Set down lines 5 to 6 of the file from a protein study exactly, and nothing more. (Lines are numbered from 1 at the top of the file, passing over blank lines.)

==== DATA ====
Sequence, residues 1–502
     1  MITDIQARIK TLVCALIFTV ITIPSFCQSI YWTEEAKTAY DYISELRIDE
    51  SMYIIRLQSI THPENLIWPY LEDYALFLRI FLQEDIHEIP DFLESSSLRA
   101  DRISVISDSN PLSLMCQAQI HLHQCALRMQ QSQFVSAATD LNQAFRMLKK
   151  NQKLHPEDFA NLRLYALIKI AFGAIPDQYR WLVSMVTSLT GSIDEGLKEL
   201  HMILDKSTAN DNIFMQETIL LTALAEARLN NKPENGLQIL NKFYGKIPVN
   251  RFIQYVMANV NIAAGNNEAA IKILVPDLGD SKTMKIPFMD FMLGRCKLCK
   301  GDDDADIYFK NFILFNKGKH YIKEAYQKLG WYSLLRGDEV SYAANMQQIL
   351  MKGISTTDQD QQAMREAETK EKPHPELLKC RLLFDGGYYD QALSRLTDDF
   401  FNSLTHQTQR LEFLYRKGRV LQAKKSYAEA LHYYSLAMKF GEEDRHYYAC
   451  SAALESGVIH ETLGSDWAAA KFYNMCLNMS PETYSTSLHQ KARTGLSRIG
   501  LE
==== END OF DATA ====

   151  NQKLHPEDFA NLRLYALIKI AFGAIPDQYR WLVSMVTSLT GSIDEGLKEL
   201  HMILDKSTAN DNIFMQETIL LTALAEARLN NKPENGLQIL NKFYGKIPVN